Autori: J. Papathanasiou, S. Armenia, A. Pompei, R. Scolozzi, F. Barnabè, G. Tsaples

Editore: ICERI

Tipologia Prodotto: Contributo in Atti di convegno

DOI: 10.21125/iceri.2019.1313

Titolo convegno: 12th annual International Conference of Education, Research and Innovation

Codice ISSN: 2340-1095, ISBN: 978-84-09-14755-7

Anno di Pubblicazione: 2019



Sustainability and sustainable development have been recognized as the major challenges of the 21st century and to achieve this objective there is the need to think of education not as the traditional, analytic way of transferring knowledge, but as an experience that is centred on the student. Its purpose is to assist them in acquiring the necessary skills to constantly assess the environment, operate and adapt to it through a continuous and iterative process of revision from their frame of reference and finally equip them with the necessary material/tools that will help them comprehend and tackle complexity. The objective of the current paper is to present an effort in the context of an E+ project on Higher Education to use serious games as a means to teach sustainability. To achieve the objective a board game will be designed and developed that will utilize the principles of Systems Thinking for the game mechanisms and design. A systems thinking perspective implies the existence of interconnected elements to fulfill a function or a purpose over time. Those elements can be of physical or information composition. Modelling the system under study in this way allows policy-makers to make decisions based on scientific analysis of future scenarios and provide them with a supporting tool that could be used in synergy while planning and defining policies to get economic and socio-environmental benefits. Causal Loop Diagrams (CLD) are qualitative representations of the system under study and illustrate in a clear manner the causal relations among the various elements. Furthermore, they can illustrate the feedback loops and non linearities that may be present in the system and give rise to dynamic behavior. The SUSTAIN CLD is composed by different variables, that represent areas of interestin a general modern urban system. The model, in fact, considers general aspects as GDP and population, as well as environment, transport, urban planning and waste and water management. As the CLD will be the basis for the future development of the game, the core of the model is represented by the most important parameter for deciding who will win the game, i.e. the Attractiveness of city. This variable is the synthesis of multiple variables that belong to many aspects of the urban system, defining the “wellbeing” of the population who lives in it. The most important effect due to variations in Attractiveness of city is a variation of the number of people who lives in the city; this generates many impacts on different urban levels, trigger in gas many feedback loops. In fact, the majority of feedback loops we identified passes through the “Population” variable. It’skind of natural that this happens as, in the end, urban systems exist because of its inhabitants, indeed. The most important feedback loops were identified and then divided into three main groups. The first group is composed by loops belonging to the “core” of the model, that is the relation between population, GDP and Industries and Services. The second group is composed by loops which belong to the “environmental” part of the model. The last loop describes how traffic congestion has effect on usage of public transport and, in turns, effects on pollution. The next steps of the research include the development of a quantitative model and the translation of the model’s variable to mechanisms and elements of a board game.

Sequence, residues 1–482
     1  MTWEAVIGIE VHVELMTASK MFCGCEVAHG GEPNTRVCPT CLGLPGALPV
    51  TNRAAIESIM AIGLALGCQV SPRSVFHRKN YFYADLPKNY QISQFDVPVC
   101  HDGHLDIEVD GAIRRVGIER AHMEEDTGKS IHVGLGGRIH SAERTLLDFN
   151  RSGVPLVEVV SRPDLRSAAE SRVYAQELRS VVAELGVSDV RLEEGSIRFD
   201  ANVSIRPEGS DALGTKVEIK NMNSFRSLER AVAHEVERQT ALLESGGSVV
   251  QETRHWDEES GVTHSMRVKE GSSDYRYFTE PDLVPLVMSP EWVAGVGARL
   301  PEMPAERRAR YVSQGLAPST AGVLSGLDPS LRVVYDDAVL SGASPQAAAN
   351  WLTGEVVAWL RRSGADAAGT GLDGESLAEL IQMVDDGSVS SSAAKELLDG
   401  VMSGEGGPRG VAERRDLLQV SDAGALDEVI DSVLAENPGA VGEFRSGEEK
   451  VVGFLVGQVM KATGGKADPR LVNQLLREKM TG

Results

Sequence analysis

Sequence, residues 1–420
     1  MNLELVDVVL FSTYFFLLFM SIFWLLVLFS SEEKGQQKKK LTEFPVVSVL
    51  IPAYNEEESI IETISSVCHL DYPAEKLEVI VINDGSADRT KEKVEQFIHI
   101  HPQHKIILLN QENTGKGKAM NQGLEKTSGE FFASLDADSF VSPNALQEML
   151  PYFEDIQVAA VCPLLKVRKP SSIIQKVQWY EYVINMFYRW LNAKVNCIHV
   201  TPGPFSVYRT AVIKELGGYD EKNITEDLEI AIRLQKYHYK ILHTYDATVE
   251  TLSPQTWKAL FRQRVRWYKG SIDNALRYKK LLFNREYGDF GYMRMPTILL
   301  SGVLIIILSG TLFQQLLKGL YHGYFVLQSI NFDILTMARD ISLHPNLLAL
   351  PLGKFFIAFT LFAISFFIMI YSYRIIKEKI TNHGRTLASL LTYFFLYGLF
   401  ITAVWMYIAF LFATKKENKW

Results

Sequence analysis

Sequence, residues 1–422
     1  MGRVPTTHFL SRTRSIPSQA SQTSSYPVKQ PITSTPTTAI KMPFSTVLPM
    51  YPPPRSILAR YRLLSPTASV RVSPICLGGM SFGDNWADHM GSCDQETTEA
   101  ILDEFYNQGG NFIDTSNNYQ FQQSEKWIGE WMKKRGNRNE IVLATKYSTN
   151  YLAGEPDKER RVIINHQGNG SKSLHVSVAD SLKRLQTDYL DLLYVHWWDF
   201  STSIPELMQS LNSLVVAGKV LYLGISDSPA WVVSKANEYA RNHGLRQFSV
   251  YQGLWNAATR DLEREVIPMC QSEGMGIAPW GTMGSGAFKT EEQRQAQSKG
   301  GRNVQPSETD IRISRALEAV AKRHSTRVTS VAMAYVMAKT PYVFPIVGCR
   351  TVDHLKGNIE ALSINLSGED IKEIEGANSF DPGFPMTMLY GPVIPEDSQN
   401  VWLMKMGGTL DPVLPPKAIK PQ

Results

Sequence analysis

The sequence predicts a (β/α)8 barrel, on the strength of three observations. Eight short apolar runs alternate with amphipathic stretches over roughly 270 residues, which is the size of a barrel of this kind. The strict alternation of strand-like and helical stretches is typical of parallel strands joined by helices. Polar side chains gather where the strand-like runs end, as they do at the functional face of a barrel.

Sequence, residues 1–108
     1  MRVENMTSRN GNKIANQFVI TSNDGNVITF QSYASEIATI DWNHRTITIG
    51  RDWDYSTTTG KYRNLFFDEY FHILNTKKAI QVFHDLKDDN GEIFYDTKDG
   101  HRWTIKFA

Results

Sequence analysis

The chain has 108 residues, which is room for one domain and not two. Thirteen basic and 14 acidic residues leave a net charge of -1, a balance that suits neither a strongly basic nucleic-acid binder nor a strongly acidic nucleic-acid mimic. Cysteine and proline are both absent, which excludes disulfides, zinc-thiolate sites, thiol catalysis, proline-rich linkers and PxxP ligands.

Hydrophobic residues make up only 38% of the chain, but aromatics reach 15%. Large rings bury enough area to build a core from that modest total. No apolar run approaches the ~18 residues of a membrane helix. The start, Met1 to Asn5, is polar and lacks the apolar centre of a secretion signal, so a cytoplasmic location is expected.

Keywords: systems thinking, sustainability, sustainable literacy, game-based learning.

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